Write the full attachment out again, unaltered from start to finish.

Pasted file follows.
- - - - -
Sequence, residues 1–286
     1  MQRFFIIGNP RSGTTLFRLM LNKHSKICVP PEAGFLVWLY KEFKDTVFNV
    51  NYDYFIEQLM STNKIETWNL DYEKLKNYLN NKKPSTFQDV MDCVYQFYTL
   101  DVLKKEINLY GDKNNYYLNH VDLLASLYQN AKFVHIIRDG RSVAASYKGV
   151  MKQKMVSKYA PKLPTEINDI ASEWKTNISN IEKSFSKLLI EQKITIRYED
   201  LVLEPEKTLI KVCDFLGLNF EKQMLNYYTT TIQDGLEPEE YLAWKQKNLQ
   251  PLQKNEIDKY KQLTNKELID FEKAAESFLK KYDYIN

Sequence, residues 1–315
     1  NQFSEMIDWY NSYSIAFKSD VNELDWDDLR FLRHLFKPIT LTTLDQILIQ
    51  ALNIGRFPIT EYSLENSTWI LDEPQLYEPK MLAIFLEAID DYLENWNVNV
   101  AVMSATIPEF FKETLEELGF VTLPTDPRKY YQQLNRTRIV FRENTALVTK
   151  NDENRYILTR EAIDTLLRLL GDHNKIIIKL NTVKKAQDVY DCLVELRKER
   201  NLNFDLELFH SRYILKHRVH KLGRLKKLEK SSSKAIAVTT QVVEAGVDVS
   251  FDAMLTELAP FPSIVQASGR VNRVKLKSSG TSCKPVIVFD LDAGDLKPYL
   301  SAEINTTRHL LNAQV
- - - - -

Sequence, residues 1–286
     1  MQRFFIIGNP RSGTTLFRLM LNKHSKICVP PEAGFLVWLY KEFKDTVFNV
    51  NYDYFIEQLM STNKIETWNL DYEKLKNYLN NKKPSTFQDV MDCVYQFYTL
   101  DVLKKEINLY GDKNNYYLNH VDLLASLYQN AKFVHIIRDG RSVAASYKGV
   151  MKQKMVSKYA PKLPTEINDI ASEWKTNISN IEKSFSKLLI EQKITIRYED
   201  LVLEPEKTLI KVCDFLGLNF EKQMLNYYTT TIQDGLEPEE YLAWKQKNLQ
   251  PLQKNEIDKY KQLTNKELID FEKAAESFLK KYDYIN

Sequence, residues 1–315
     1  NQFSEMIDWY NSYSIAFKSD VNELDWDDLR FLRHLFKPIT LTTLDQILIQ
    51  ALNIGRFPIT EYSLENSTWI LDEPQLYEPK MLAIFLEAID DYLENWNVNV
   101  AVMSATIPEF FKETLEELGF VTLPTDPRKY YQQLNRTRIV FRENTALVTK
   151  NDENRYILTR EAIDTLLRLL GDHNKIIIKL NTVKKAQDVY DCLVELRKER
   201  NLNFDLELFH SRYILKHRVH KLGRLKKLEK SSSKAIAVTT QVVEAGVDVS
   251  FDAMLTELAP FPSIVQASGR VNRVKLKSSG TSCKPVIVFD LDAGDLKPYL
   301  SAEINTTRHL LNAQV